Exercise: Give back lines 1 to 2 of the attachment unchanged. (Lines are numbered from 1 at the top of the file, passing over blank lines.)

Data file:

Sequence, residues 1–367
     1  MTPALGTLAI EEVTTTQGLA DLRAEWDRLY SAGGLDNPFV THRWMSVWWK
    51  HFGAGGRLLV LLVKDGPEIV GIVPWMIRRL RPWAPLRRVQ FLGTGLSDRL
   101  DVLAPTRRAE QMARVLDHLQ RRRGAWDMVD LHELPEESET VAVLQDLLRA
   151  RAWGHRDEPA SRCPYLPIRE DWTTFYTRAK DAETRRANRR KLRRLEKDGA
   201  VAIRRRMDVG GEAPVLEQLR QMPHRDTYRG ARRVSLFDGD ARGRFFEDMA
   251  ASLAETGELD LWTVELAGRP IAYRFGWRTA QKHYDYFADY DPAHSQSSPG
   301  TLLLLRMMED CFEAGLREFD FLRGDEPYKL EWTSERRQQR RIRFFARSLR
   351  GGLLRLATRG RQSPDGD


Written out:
Sequence, residues 1–367
     1  MTPALGTLAI EEVTTTQGLA DLRAEWDRLY SAGGLDNPFV THRWMSVWWK